Elgin Area Historical Society
According to Elgin Historian, E. C. Alft in his book A History of Elgin History the Elgin Area Historical Society held its first official meeting at Larsen Junior High School on January 18, 1961. In February, the Society passed a constitution, by-laws and elected officers. The Founder of the Elgin Area Historical Society was local author and historian Madeline Sadler Waggoner. Mrs. Waggoner was a well respected author and historian. In the early years, the society installed a plaque to the “Old Cem” at Channing Street school, displayed artifacts at Gail Borden Library, published The Story of Elgin’s First Twenty-Five Years and also collected objects important to Elgin history.
In January of 1981, Elgin City Council agreed to lease the building known as Old Main to the Elgin Area Historical Society for a token rental of $1 per year. The building itself was in need of much repair due to neglect and a damaging fire in 1978. The Society was able to raise $312,000 in three years to pay for some restoration costs. The total renovation cost came to $1,000,000. Many contributors were critical to the restoration of the building including many volunteers, the City of Elgin, Gifford Park Association, Society members, the Golden K Kiwanis Club and various state and federal grants. Watch a video on the history of Old Main.
The maintenance of the building is done by the City of Elgin while the artifact collection and museum exhibits are cared for by the museum staff and society members.
Elgin Area Historical Society Policies and Statements
Diversity, Equity, Access and Inclusion statement
Elgin history is inclusive and ongoing, because everyone has a story. Past, present, and future people and places comprise the history of this city. Through staffing, training, collecting, programming, and marketing, the Society and Museum reflect this diverse community. The organization will avoid bias in historical documentation, collections, preservation, and interpretation.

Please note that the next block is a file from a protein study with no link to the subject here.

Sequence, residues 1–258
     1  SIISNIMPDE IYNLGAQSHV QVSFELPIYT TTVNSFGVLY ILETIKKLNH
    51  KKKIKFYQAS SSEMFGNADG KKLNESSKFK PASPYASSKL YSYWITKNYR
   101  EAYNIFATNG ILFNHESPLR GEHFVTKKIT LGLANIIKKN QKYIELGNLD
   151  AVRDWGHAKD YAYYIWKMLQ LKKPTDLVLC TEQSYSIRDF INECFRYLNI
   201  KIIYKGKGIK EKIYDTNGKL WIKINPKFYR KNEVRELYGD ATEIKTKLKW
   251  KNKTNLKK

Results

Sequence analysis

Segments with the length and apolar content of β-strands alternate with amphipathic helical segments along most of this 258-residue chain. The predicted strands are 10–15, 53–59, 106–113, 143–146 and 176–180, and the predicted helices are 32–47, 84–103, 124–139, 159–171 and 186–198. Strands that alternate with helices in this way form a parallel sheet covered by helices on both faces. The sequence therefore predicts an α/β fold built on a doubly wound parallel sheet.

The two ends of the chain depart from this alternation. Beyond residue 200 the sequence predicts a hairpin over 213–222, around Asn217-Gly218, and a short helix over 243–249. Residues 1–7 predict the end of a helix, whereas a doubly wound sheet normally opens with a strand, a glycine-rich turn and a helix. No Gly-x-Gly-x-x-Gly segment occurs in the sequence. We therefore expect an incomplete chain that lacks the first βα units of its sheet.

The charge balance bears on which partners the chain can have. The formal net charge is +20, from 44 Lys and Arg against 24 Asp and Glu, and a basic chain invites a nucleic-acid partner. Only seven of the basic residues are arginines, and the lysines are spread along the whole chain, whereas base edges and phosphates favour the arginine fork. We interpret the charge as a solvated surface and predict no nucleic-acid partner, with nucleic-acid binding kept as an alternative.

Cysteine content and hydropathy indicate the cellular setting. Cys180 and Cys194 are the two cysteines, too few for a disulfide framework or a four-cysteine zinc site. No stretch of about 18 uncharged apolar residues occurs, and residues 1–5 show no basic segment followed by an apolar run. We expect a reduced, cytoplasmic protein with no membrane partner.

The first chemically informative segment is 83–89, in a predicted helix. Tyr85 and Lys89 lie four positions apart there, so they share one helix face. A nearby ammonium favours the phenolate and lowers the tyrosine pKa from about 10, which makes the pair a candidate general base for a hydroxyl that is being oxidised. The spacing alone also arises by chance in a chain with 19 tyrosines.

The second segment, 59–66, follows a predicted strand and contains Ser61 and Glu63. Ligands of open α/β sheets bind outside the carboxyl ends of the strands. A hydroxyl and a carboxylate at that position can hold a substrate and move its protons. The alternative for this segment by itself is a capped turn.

Conflict of Interest Statement
Elgin History Museum (EHM) is obligated and committed to the highest ethical standards of conduct and to the best interests of the Museum. Conduct that creates, threatens to create, or appears to create, a conflict with the interests of the Museum are not permitted.
Examples include: the supply of goods and services, leasing of equipment, purchase or sale of real estate, investments or other property, consulting fees, honoraria or royalties generated through association with EHM, use of EHM resources, and matters involving employment, evaluation, or advancement of family members. They also include any business or financial activity that might influence or appear to have the capacity to influence official decisions or actions on behalf of EHM.
In general, EHM Board, employees and volunteers should disclose any potential conflict of interest in writing to the Board on an annual basis.